The Danish study, on more than 21,000 couples seeking In vitro fertilisation (IVF) treatment, found women who were unsuccessful in having a child were four times more likely to die prematurely than those who had been mothers.
However, critics have stressed that the risk of early death was low - with just 316 people in total dying over the 11 year study, the 'BBC News' reported.
Researchers also point out that the study suggests a link between childlessness and premature death and not a cause.
"Mindful that association is not the same thing as causation, our results suggest that the mortality rates are higher in the childless," they said.
The study findings are based on data obtained from various population registers in Denmark on births, deaths and IVF procedures from 1994 to 2005.
As many as 21,276 childless couples registered for IVF treatment, 15,149 children were born and a total of 96 women and 220 men died.
The results suggested having a child cut the risk of early death, particularly among women.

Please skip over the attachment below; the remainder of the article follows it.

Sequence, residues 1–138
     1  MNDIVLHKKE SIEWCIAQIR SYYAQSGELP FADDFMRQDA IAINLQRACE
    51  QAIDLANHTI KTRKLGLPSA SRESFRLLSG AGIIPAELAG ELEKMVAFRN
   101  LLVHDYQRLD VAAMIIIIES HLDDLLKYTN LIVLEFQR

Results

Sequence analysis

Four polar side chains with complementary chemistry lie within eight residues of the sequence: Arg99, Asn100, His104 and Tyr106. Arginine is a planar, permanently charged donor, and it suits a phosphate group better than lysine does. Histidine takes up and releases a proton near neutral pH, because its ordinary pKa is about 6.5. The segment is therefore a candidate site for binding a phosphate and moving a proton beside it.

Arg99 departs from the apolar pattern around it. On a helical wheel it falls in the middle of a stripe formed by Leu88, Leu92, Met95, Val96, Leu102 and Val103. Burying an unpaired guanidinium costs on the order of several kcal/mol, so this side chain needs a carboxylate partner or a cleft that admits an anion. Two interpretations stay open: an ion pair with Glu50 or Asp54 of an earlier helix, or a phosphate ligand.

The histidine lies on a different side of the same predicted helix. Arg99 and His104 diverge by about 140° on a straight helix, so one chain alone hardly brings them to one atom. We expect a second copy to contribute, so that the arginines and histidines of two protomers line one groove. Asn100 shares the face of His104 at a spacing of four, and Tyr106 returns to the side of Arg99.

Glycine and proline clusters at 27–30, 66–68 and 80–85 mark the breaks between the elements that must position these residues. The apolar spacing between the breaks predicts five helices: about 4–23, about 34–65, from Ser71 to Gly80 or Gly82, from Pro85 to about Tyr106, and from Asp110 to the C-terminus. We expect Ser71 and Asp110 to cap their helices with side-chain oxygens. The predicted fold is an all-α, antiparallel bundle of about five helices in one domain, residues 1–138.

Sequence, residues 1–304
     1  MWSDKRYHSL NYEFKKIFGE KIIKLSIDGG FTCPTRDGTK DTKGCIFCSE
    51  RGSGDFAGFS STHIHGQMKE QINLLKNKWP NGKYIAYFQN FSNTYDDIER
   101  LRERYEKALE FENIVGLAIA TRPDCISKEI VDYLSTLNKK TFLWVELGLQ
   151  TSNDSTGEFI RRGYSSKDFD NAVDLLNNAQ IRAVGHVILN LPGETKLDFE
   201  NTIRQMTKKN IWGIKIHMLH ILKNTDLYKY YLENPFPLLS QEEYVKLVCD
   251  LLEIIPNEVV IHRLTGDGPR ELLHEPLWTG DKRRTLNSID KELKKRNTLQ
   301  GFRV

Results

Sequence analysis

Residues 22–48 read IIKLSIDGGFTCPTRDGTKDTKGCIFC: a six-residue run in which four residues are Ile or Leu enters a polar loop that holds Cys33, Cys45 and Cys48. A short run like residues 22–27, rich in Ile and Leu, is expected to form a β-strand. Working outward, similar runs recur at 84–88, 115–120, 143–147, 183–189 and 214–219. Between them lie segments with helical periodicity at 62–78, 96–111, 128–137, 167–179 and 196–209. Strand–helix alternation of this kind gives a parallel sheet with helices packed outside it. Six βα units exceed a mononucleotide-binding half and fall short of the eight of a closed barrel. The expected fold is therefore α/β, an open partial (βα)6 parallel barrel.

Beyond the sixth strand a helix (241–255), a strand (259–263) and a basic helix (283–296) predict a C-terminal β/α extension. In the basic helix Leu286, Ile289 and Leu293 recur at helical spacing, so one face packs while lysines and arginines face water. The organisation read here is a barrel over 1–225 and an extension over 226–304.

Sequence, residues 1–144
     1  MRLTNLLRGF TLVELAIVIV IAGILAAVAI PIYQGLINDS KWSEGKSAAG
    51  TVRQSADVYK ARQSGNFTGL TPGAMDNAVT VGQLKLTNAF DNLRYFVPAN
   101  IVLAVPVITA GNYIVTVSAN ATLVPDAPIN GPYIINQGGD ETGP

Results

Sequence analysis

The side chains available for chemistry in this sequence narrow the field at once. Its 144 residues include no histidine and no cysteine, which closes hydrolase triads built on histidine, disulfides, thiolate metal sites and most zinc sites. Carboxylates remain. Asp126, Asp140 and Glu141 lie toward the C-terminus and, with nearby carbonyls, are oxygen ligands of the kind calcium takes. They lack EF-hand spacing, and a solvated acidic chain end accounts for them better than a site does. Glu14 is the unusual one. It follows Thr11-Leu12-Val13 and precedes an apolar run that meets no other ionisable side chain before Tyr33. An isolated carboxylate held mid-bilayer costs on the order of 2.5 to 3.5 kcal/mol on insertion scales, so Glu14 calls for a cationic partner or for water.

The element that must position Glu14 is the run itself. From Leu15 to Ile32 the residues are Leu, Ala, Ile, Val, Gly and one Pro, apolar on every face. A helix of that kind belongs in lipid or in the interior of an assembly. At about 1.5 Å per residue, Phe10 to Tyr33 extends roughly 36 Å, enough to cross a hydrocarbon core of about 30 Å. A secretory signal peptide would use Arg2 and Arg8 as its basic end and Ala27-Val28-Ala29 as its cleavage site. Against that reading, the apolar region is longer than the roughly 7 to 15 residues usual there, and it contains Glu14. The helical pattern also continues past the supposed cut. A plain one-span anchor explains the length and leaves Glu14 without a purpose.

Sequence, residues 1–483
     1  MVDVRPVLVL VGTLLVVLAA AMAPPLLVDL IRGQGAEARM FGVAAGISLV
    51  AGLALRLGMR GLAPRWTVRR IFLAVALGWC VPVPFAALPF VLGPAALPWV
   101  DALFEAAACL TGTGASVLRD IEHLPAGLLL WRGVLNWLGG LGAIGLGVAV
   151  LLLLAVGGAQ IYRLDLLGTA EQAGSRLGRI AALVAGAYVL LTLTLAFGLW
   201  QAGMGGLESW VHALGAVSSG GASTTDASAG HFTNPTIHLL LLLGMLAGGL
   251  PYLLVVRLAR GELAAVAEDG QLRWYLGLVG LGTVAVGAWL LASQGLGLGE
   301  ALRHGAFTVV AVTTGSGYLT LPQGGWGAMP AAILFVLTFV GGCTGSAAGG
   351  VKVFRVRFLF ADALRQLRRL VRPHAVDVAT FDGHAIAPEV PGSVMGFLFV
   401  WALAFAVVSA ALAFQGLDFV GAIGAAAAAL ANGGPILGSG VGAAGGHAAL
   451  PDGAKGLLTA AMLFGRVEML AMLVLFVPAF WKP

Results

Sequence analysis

Researchers found that childless women were four times more likely to die early from circulatory disease, cancers, and accidents than those with children- and men were about twice as likely.
"This is a very specific situation of people who are trying to have children - the study's findings cannot be used to generalise across the whole general population," Ingrid Collins, a consultant psychologist, said.
"People having IVF tend to be desperate for a child, if they are unsuccessful they may be depressed- it may even be this rather than childlessness that is playing a part. One can only guess.
Others have also pointed out that a family can psychologically help and support those that are dying.
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